Friday, February 25, 2011

Friday Songbook: On the Sunny Side of the Street

Let's see, what have we covered so far in the songbook series:

Brother, Can you spare a Dime, by Gorney and Harburg (performed by Dr. John)
I Thought about You, by Johnny Mercer (performed by Billie Holiday)
April in Paris, by Duke and Harburg (performed by Ella Fitzgerald and Louis Armstrong)
The Very Thought of You, by Ray Noble (performed by Billie Holiday)
It's Only a Paper Moon, by Arlen and Harburg (performed by James Taylor)
A Nightingale Sang in Berkeley Square, by Sherwin, Strachey and Maschwitz (sung by Mel Torme)

These tunes of "the great American songbook" frequently run through my mind, and almost every day I find myself whistling one old chestnuts or another. The song I've been whistling lately is Sunny Side of the Street. This may just be my favorite popular song ever. It was written in 1930 by Jimmy McHugh and Dorothy Fields, and it really represents the dominant theme of Depression era music. Namely, keep your chin up. This melody manages to be both sprightly and bluesy at the same time in the hands of the great Benny Goodman and Peggy Lee:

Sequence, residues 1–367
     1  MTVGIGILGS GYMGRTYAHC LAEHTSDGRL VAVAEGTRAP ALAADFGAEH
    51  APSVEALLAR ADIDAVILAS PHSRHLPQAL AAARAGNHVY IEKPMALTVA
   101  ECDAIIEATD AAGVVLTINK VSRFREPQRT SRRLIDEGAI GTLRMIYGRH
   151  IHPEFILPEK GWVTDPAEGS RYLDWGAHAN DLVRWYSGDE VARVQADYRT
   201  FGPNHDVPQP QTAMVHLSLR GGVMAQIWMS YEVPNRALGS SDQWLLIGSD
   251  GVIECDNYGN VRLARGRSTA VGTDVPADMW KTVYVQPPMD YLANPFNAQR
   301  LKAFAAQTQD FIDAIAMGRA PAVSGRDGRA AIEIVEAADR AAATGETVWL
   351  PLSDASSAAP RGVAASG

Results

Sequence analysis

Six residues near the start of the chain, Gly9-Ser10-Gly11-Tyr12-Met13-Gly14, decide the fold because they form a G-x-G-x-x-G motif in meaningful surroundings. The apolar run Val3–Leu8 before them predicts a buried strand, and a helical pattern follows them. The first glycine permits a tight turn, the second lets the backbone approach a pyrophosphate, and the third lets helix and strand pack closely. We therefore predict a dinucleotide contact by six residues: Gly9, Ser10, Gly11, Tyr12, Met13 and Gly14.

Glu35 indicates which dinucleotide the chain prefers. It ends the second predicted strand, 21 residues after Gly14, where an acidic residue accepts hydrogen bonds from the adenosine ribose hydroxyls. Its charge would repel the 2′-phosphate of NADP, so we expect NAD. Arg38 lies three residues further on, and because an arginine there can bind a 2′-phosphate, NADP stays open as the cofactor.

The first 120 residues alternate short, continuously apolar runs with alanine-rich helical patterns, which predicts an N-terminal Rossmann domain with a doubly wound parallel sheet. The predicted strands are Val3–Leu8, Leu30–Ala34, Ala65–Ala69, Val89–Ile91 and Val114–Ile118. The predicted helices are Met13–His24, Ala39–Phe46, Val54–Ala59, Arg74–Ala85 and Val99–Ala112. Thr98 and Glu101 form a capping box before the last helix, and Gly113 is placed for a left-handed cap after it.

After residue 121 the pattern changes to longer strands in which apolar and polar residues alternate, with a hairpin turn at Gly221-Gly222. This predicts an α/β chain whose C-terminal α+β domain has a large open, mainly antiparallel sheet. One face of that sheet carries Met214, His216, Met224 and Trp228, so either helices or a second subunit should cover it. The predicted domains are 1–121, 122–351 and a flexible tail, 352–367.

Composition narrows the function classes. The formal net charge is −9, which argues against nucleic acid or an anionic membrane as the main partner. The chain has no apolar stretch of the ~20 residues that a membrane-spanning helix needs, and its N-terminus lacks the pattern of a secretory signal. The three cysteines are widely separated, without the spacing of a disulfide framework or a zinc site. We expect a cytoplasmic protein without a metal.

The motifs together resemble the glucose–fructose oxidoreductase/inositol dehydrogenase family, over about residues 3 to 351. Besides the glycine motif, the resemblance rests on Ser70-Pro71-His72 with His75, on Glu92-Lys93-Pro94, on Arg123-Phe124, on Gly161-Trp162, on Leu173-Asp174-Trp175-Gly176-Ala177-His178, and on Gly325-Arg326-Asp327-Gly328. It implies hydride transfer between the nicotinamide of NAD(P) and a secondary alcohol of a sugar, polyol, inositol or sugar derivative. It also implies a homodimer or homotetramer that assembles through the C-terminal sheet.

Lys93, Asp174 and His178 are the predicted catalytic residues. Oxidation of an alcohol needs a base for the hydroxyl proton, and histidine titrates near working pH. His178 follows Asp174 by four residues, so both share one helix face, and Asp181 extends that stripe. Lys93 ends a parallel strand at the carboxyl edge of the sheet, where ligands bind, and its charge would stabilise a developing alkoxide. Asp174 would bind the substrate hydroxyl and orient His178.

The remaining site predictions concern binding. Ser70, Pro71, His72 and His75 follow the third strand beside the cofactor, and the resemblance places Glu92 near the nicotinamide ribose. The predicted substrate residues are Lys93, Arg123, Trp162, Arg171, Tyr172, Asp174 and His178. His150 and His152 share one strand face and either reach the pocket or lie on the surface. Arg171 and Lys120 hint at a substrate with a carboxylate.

nance marie said...


Bob said...

Oh boy, that totally rocks, Nance!